The Agent Part II
The phone rang in my Nashville hotel room. “O.K., Bibey. It’s time for serious discussion.”
Dang, it was The Agent. The voice, seasoned by years of whiskey and cigar smoke, sounded like a man who gargled hickory nuts as he spoke. I’d recognize it anywhere. I met him once before. It was late at night at the Galax Old Time Fiddler’s Convention. It had been over a year since he looked at my first rough draft and agreed to take me on if I followed certain guidelines. Since then we had communicated by e-mail or a messenger at times. He agreed to a second meeting- I saw it as a good sign.
“Sure boss. Where do we meet?”
“Train Station, dark-thirty.”
“Not the airport? You ain’t gonna fly in?”
“Good Lord son, ain’t no Agent ever represented any Southern writer and flew around on airplanes. Don’t forget that. If a man tells you he can sell a story about the South and travels by air he’s an impostor. Think about it. Didja ever hear any writer try to wax poetic about a tarmac? Hell no. Train whistles, now that’s different. I can work with that.”
“Hm, I hadn’t thought about it I guess.”
“Well it’s true. No hobo ever hopped a U.S. Air, either. There ain’t one ounce of Southern literature about commercial aircraft so it you’ve got any of that in the Mandolin Case, better get it out.
“Well, no sir. Matter of fact we ain’t got an airport in Harvey County, so not to worry.”
“Good. Now listen here. I’m gonna look different. After you posted that picture I had women from all over the country chasing me, so I had to shave.”
“That one that got after you with the tennis shoe find you, boss?”
“Shut up Bibey. No pictures, ya hear me?!”
“Yes sir.” I hung up and headed for the train station.
Dark thirty. I was right on time. I went back to the Club Car as instructed.
The Agent stood up to shake hands. “Have a seat Bibey.” He poured up an OBAN.
“So what did they say in New York?” I asked.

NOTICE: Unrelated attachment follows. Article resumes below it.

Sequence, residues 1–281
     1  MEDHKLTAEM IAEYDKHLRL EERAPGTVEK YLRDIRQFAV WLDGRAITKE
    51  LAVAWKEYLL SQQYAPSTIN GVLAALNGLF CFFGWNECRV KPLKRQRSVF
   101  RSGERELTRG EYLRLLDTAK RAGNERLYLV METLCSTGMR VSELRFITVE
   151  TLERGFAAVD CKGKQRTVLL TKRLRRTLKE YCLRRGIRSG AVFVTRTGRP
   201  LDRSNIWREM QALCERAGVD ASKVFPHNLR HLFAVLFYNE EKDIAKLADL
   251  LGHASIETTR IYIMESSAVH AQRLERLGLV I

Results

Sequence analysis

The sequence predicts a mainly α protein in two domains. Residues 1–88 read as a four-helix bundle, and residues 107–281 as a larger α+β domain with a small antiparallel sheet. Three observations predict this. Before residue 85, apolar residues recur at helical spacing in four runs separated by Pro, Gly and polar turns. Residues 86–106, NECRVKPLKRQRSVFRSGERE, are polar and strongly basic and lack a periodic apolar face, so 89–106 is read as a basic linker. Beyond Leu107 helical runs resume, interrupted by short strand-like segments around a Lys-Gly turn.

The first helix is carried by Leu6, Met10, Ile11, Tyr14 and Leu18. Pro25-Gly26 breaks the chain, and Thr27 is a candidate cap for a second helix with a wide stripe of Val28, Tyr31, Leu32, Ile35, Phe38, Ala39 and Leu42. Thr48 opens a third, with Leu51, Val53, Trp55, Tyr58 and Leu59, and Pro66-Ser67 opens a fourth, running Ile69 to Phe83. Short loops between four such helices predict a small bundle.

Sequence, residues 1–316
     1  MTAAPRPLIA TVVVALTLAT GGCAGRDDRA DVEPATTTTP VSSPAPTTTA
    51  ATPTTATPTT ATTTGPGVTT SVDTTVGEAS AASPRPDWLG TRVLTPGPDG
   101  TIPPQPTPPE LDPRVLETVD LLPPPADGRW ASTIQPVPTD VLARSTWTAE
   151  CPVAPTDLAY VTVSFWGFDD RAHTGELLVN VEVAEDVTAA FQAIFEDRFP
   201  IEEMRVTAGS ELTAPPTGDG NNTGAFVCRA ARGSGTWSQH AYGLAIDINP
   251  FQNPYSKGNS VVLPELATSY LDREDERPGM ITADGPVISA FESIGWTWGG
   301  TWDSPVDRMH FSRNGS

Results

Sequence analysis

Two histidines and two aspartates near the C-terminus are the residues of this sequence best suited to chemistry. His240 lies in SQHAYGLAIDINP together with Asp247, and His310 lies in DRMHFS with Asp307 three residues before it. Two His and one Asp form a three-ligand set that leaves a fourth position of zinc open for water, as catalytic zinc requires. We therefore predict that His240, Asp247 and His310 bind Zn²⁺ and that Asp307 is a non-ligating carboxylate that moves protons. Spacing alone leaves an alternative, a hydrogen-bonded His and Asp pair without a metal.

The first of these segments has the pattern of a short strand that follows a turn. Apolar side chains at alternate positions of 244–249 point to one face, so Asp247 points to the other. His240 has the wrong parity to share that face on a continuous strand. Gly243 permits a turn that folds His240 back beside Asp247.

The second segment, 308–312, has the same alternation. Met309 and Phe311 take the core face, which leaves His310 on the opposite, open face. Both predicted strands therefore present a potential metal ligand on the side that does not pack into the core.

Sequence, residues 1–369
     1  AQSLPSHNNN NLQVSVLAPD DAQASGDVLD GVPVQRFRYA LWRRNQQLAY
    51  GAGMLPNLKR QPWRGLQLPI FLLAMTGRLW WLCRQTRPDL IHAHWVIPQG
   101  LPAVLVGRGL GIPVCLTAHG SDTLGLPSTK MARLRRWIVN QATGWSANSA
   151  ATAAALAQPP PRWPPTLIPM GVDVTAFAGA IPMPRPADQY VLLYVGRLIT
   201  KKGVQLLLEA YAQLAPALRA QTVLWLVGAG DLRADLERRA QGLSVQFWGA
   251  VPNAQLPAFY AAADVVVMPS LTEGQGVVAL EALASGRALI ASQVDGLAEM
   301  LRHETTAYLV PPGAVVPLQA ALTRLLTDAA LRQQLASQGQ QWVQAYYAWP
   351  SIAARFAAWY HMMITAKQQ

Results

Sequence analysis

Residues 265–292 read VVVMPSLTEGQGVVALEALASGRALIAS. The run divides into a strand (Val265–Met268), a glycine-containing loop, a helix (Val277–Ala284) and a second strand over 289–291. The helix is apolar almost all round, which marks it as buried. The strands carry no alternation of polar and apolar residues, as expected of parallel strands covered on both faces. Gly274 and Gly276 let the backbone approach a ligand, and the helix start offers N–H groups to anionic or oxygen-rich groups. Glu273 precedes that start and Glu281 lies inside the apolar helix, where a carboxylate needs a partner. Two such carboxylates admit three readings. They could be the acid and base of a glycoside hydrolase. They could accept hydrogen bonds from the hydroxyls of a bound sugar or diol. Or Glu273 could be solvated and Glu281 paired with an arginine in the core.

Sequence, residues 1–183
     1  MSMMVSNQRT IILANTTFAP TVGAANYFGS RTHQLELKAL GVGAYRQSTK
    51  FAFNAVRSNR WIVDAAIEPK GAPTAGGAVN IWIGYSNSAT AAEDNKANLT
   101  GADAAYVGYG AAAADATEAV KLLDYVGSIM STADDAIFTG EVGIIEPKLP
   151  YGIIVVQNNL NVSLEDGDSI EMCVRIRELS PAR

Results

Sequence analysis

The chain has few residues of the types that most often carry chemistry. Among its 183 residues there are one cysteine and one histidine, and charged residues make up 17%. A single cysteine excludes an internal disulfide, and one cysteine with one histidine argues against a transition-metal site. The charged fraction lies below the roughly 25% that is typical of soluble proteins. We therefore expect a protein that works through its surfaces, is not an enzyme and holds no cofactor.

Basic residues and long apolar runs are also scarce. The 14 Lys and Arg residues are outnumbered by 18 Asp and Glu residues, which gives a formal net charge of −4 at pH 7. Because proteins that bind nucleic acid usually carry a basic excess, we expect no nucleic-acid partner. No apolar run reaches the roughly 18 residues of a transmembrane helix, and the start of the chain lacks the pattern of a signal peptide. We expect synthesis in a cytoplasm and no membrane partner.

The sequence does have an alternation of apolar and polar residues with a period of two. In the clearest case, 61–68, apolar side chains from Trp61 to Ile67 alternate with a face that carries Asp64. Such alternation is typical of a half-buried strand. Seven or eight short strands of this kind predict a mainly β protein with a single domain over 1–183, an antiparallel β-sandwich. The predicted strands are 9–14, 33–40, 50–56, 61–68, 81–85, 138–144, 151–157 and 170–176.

“They said you were so country they couldn’t understand some of what you said. You have no credentials. They couldn’t figure out how you wrote it. It has it’s flaws, but at the same time they thought it was a hell of a story.”
“You think it’ll sell?”
“It has a chance, at least with me as your Agent. You gotta know the big city, and I’ve got it wired. Here are your instructions.”
I opened the envelope and unfolded the notes. “Back story? I think I understand.” A year ago back story was a herniated nucleus pulposis. Man, had my life changed. “Tell me about that.”
“As you do your last revision, I want you to flesh out the characters on the blog. Your readers may recognize some of them or know some of the Mandolin Case and remember a detail you forgot. I want this story to stand the test of time. You can’t get a single detail wrong. You need to know what kinda smokes these people like, their shoe size, what movies they prefer- everything.
“I know ‘em better than anyone, Boss.”
“I’m sure you do, but you need to down-load brain to blog to where everyone else will too. If you’re gonna immortalize ‘em then you better get it right. The fiction history book demands no less.”
“The fiction history book?”
“Yeah, I’m writing it. And whatever you do, don’t give up my address. I’m gonna winter in New York anyway, but I don’t need every nut in the country chasing me.”
“I guess one of me is enough.”
“Mercy, Bibey. I think so.”
“You know Boss, all I ever wanted was a chance to show what I believe to be true with my story.”
“You’ve shown me that, Bibey. I believe in you. Now I want the rest of the world to see it too. If you get the revision right, I’ll do my best. No promises, though.”
“I”ll do my best.”
“See me in three months. Atlanta. I have to meet there there with Charles Thombley. He’s a negotiator. He’ll monitor your blog along with me for the next quarter.”
“Hey I think I know him. His people made a fortune down there in real estate futures right after Sherman came through.”
“That’s the one, Bibey. I only deal with the best.”
“Hey boss, does that mean you think I’m the best?”
“Hell no, Bibey. You’re my project. But, you have become a good writer. And you have a great story. I’d rather have a good writer with a great story than a great writer with a lousy story. Write character back story on the blog. Start with your next post and keep at it till the first of the year. I think you’ll get there, but don’t give up your day job.”
Heck I like being a Doc anyway, so I was sure I could follow his advice about the day job. We don’t have an airport in the County, but if we did I wouldn’t fly when I went to Atlanta, either. I never liked to fly anyway, and now I realized it qualified me to be a Southern Lit guy, I wasn’t about to start.
Come next post, I’m gonna follow his advice and start to show y’all all about my people. If you spot something I’ve missed let me know. In a way my book reflects what I believe about life- we’re all in it together. If I get published someday, my agent and you guys deserve a lot of the credit. I’d a never gotten this far without you.
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